Melia Cuba have announced ambitious expansion plans for Cuba involving 8 new properties, and a total of 931 rooms, in Cienfuegos, Trinidad & Camaguey.
Part of the vast Spanish hotel management company, Melia Cuba currently operate almost 30 hotels on the island, all but 4 of which (3 in Havana and 1 in Santiago) are All Inclusive beach hotels. Details of the new hotels, announced just before the annual FIT Cuba Tourism Convention, are broadly as follows.
Traditionally overshadowed by nearby Trinidad, the maritime city of Cienfuegos on Cuba’s south coast is nonetheless a destination in its own right (the city centre is a UNESCO World Heritage Site) but, as with the rest of the country suffers from a dire lack of quantity and quality when it comes to hotel accommodation. In a surprise move, Melia Cuba have announced that they will be taking over (from local management) pretty much all the city’s hotels – the Union, Jagua, Palacio Azul, Casa Verde & Perla del Caribe – as well as bringing back to life the long empty Hotel San Carlos.
Anywhere else in the world, it would be considered odd, indeed undesirable, for a single company to to dominate accommodation in a single destination…….but this is Cuba. The addition of the 56 room Hotel San Carlos in the city centre (a hotel, I must confess, I’ve never heard of) won’t make a huge difference to capacity / availability in Cienfuegos but, heh, it’s better than nothing. More important will be the improvements in hotel quality, reliability etc from being taken over by Melia Cuba.
After Havana, the small, colonial town of Trinidad is Cuba’s most popular cultural destination and one that boasts its own small, beach resort at Playa Ancon, a 15- minute drive from town.
There are just 3 very scruffy, locally managed All Inclusive hotels at Playa Ancon, a source of real disappointment to both visitors and tour operators. The ugliest of these 3 hotels is the Hotel Ancon (sometimes also known as Club Ancon) which really should be knocked down and rebuilt. Although that isn’t going to happen, Melia Cuba will take over its management which will lead to extensive renovation of rooms and public areas as well as better service, dining etc.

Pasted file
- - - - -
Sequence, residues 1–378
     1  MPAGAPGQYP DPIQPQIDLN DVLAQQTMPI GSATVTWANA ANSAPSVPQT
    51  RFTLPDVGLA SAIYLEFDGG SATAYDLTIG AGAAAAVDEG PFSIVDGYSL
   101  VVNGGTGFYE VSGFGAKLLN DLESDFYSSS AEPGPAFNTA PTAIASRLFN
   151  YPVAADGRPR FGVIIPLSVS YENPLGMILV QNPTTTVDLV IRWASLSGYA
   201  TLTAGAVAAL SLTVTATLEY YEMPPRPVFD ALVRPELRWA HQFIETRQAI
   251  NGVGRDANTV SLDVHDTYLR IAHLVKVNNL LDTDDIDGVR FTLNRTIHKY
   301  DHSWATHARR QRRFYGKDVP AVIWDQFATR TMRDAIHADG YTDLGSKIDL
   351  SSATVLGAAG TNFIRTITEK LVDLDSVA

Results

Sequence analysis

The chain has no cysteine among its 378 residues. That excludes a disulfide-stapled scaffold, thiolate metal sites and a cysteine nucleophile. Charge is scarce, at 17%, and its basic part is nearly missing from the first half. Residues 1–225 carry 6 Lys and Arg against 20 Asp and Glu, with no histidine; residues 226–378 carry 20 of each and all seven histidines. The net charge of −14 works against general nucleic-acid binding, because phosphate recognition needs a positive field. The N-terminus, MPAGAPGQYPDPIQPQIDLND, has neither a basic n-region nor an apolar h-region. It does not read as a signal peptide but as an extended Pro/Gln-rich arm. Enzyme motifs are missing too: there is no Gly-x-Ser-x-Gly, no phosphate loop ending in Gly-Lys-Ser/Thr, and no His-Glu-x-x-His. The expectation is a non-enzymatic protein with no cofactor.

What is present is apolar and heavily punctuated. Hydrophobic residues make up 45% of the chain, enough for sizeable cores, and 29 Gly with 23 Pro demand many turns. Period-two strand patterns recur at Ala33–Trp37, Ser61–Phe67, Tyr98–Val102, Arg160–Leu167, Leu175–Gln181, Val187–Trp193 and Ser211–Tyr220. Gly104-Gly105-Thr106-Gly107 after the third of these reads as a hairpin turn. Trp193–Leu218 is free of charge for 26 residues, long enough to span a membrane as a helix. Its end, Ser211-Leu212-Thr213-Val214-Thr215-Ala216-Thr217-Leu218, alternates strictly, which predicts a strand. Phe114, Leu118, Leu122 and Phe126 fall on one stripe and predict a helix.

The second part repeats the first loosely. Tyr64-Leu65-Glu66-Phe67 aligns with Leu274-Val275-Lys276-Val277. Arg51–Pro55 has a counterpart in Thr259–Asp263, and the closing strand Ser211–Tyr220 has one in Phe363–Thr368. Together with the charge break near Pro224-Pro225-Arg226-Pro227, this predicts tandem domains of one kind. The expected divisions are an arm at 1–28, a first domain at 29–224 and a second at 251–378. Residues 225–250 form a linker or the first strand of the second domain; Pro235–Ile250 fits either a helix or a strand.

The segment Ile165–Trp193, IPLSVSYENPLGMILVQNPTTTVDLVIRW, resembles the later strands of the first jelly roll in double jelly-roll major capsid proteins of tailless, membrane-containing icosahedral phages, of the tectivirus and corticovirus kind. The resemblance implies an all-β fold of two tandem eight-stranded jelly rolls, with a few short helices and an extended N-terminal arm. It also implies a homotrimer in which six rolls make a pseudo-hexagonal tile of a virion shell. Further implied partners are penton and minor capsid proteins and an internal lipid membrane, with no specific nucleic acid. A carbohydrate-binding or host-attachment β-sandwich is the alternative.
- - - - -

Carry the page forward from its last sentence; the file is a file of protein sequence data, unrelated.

Next door to the Hotel Ancon, (which will be re-branded as Sol House Ancon) plans have been announced for the building of a brand-new hotel, the Melia Trinidad which, with around 400, will be one of the smaller beach hotels in Cuba. One assumes that, like the Melia Buenavista on Cayo Santa Maria, the new Melia Trinidad will be a luxury, Adult Only property – expect sky high rates when it eventually opens!
I had half expected / hoped that Melia Cuba would take over the stalled Pansea Trinidad project but, alas, there has been no such confirmation.
Although not particularly well-known, the centrally located city of Camaguey is yet another of Cuba’s UNESCO World Heritage Sites and, due to its strategic location on the island’s main, cross country highway, is a required stopover for anyone planning to traverse the length of the island by road.
Although the number of hotels in Camaguey has increased over the last few years, they are all locally managed and none are a particularly great advertisement for the city. The recent announcement by Melia Cuba will see the company taking over the management of 3 existing hotels – the Gran, Colon & Hotel Camaguey. The first 2 are fairly simple, ‘character hotels’ in the city centre that will benefit from investment and expertise. The Hotel Camaguey, with over 100 rooms, is the largest hotel in the city and is located on its outskirts. It is also something of a 1970s dump so the necessary change of management can’t come soon enough.
Commenting on the announcement, Gabriel Escarrer, President of Melia International had this to say: “We came to the island in 1990 because we believed strongly in the potential of this country. These 8 new hotels represent a major challenge that we assume with great enthusiasm, and we are committed to guaranteeing the Melia service throughout the island to boost the circuits segment”.
While it is disappointing that this recent announcement only includes the building of 1 new hotel (and at the beach, rather than in the towns or cities where availability is most scarce) I guess we need to be thankful for any improvements to Cuba’s tourist infrastructure. Speaking from long and frustrating experience, the more foreign investment and expertise in Cuba’s hotels, the better.
This news follows in the footsteps of recent announcements by Iberostar Cuba, Melia Cuba’s main competitor, who themselves are also expanding across the island. With Kempinski set to open their first, new, luxury property in Old Havana very shortly, the hotel scene in Cuba is becoming increasingly international.